I’m wondering how experiencing the eclipse might affect my work in the future. I’ve always loved circles and have taught myself how to rip pretty good ones, if a little ragged, to use in my collages.

I was struck when I got home from the trip and looked anew at this collage, “Replay,” made in 2012, which hangs over my desk. The correlations are rather interesting… it has a painted background with salvaged and painted papers applied on top. And yes, I ripped all those yellow-gold circle shapes and the half circle negative strips.

“Replay,” 2012, 36 x 24 x 2″, salvaged and painted paper on wood panel. ©Janice McDonald.

While the rest of the family has declared themselves to be total umbraphiles, I’m still processing this stunning experience… not sure if seeing another would diminish or enhance the power of the first experience. If you’ve never seen a total solar eclipse though, I believe it’s worth making the effort to get a location where you can experience totality… as my favorite commemorative t-shirt read, “Totality Worth It!”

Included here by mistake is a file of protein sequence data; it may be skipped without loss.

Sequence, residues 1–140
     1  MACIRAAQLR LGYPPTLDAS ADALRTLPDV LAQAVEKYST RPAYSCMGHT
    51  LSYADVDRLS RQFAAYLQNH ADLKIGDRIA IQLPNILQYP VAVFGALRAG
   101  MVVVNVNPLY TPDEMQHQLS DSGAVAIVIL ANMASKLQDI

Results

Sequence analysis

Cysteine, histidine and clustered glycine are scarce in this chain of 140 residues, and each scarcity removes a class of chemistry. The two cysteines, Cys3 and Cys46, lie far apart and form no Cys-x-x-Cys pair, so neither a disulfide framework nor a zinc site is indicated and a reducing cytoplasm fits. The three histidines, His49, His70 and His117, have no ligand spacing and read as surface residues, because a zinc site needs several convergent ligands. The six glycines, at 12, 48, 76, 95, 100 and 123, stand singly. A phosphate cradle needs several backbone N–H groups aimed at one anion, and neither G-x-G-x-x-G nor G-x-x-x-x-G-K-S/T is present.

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Portable collage works

While I settle back into my home studio, I’ve been pretty content working on abstract collage compositions in a large Moleskine journal/sketchbook (8.25 x 11.75″). Despite my rather huge paper collection, I aspire to have a more minimalist lifestyle (eventually!) and working like this feels particularly right for the summer season.

These analog collages are made with elements ripped from discarded magazines. They do not include any added drawing or painting, just glue. Some imagery is just destined to be salvaged, connected, and transformed.

I’ve been posting these small collage works on Instagram. To see more, follow me there at janicemcdonaldart. In the meantime, here are snapshots of a few of the collages… including one in progress on a work table at the Art Gym.

Sketchbook collage {06.01.17}

Sketchbook collage in progress {06.02.17}

Sketchbook collage {07.06.17}